Why Employees Leave Their Jobs
Usually when the topic of recruitment is discussed people focus on the job aspirant’s point of view or on the troubles of a recruiter who cannot find the right candidate. Lesser spoken about but equally challenging is the task of employee retention. Organizations across the world have a hard time figuring out why employees leave their jobs. If resolved, this win-win situation will ensure that fewer employees quit jobs and lesser employers have open positions to fill.
There are many theories and surveys that try to solve the mystery around attrition; the research brings to light a few felons responsible for individuals switching jobs.
This is the top reason that most statistics agree with. Experts opine that employees can withstand a lower pay but not humiliation at the hands of a superior. Aggravating this issue is the fact that a lot more organizations are opting for a flatter structure where an individual may have to report to a colleague with the same official title.
Work pressures and tight deadlines are making managers less tolerant and more impulsive. Sometimes the right feedback given in the wrong manner or at the wrong place can do irreparable damage.
An unfortunate truth about job descriptions is that they are not very accurate. It is not because employers want to mislead the candidates but due to the fact that in today’s work environment responsibilities are only loosely tied to profiles. Job aspirants often find that the work that they land up doing is not what was discussed at the time of the job interview. This gives rise to frustration and causes employees to leave their jobs.
Although employers may not be able to completely eliminate the gray areas, it is worth spending a lot more time in creating job descriptions rather than copying them from previous versions.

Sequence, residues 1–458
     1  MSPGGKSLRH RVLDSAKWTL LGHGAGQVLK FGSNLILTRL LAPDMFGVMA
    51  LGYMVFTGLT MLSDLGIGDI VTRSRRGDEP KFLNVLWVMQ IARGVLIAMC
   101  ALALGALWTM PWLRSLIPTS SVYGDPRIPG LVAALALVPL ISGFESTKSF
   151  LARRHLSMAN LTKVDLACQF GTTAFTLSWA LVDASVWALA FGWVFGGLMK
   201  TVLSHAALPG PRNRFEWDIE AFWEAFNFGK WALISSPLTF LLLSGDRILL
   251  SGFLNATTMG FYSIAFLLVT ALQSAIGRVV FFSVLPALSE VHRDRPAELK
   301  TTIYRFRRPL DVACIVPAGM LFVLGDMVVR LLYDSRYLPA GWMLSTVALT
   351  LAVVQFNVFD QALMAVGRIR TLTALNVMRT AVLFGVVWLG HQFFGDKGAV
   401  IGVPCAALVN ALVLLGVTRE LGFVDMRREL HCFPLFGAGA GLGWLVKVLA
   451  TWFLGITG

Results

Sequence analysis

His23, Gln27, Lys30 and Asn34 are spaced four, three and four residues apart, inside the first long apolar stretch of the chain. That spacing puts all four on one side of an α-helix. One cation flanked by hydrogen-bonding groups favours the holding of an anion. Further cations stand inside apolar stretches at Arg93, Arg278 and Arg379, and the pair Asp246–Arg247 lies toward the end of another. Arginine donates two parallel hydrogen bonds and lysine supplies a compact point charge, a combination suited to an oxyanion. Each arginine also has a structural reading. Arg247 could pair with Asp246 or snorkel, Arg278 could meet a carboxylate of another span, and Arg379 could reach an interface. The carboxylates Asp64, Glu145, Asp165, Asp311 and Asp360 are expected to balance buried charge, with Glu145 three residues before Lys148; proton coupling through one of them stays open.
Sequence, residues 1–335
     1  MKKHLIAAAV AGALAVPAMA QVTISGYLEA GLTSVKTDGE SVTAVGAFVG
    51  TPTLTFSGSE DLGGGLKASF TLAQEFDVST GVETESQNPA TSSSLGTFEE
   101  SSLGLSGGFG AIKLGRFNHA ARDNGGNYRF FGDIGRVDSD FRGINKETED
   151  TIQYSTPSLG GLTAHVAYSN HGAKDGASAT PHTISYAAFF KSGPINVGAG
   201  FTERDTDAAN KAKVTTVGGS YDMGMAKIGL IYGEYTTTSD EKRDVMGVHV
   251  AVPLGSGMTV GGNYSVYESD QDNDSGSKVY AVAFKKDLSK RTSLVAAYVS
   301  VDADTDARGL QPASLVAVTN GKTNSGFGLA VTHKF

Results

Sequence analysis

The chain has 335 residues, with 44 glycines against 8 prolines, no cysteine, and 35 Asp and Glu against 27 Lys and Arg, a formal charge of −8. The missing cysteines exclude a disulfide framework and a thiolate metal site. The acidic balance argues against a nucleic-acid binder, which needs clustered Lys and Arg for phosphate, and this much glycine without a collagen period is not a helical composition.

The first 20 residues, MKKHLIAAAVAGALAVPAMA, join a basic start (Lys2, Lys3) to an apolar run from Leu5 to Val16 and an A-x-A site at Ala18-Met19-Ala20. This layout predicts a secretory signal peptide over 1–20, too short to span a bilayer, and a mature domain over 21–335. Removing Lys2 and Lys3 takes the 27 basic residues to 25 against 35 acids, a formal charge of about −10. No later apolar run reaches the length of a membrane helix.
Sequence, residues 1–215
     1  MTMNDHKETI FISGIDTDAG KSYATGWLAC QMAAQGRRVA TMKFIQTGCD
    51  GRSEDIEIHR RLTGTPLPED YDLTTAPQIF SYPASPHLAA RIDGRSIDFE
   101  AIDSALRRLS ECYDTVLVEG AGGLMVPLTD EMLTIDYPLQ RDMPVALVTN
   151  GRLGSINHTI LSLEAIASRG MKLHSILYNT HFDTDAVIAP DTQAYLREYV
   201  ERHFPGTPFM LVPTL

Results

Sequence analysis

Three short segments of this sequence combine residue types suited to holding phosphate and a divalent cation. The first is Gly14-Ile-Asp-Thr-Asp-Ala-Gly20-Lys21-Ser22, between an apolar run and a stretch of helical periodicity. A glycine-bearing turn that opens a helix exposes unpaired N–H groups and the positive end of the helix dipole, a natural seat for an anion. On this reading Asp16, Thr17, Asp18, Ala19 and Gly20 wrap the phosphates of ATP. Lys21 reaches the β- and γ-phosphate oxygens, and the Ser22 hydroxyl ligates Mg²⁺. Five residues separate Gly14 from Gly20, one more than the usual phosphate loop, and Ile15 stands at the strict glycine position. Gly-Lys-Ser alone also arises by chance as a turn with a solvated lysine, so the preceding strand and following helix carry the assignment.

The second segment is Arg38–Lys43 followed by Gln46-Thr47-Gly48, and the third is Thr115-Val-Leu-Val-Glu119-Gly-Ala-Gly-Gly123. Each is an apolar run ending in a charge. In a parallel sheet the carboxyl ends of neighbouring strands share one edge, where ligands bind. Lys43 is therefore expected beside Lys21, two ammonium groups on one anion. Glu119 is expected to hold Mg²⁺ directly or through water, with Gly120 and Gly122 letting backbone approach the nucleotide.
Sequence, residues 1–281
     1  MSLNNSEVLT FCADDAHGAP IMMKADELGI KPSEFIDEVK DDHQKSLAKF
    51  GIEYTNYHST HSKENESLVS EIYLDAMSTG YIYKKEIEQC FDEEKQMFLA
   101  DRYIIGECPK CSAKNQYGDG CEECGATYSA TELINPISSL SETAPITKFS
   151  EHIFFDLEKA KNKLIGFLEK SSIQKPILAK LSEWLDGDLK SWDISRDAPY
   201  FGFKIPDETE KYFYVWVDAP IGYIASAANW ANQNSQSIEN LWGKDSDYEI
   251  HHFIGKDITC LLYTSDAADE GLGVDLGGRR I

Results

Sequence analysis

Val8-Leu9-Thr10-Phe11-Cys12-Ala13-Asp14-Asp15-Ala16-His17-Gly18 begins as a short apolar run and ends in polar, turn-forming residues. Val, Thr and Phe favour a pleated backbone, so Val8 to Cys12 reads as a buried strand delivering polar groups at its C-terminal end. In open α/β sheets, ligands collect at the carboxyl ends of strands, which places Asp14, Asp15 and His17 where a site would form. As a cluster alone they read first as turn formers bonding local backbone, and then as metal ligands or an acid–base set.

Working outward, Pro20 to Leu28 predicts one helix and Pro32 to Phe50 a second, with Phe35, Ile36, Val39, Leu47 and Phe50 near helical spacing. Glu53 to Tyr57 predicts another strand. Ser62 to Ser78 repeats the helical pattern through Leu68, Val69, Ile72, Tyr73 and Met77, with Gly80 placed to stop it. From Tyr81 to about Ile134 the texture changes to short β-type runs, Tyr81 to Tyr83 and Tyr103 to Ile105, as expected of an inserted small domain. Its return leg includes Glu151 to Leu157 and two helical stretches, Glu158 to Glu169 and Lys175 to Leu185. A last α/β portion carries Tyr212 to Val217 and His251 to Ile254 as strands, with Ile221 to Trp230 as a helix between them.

An obvious reason, it is difficult to retain employees when they are made offers with significant jumps in salary. Although many managers cite this as the top reason why employees leave their jobs, it is not the case; individuals today are extremely cognizant of their career graphs and don’t simply jump for more money.
Salary though critical, is seldom the sole factor in switching jobs.
Managers and organizational leaders are guilty of not paying adequate attention to this aspect. It is human nature to yearn for recognition and promotions are a clear measure. There are many cases where companies hire new talent at higher positions and neglect loyal team members.
Very few employees muster the courage to ask for a promotion as most expect their managers to recognize contributions without having to toot their own horn. When this does not happen, the left out employee leaves.
The current uncertainty in global economy is having a devastating impact on organizations in every part of the world. Companies are being restructured, businesses being shut down and employees being let go. Stability has always been a key attribute of employment, but in the age of rising dependency on financial loans stability takes on mammoth proportions.
Perception is sometimes everything and when senior management doesn’t openly share strategy or clarify doubts, the unaware employee is left jittery and restless. The outcome is looking for a job a seemingly more stable employer.
It is equally difficult for an employee to change jobs as it is for an employer to hire someone new. The goal of employment should be symbiotic success where organizations enable and individuals deliver. It is utopian to hope that all jobs will last lifelong; however, a big step ahead would be for employers and employees to focus on employee retention.
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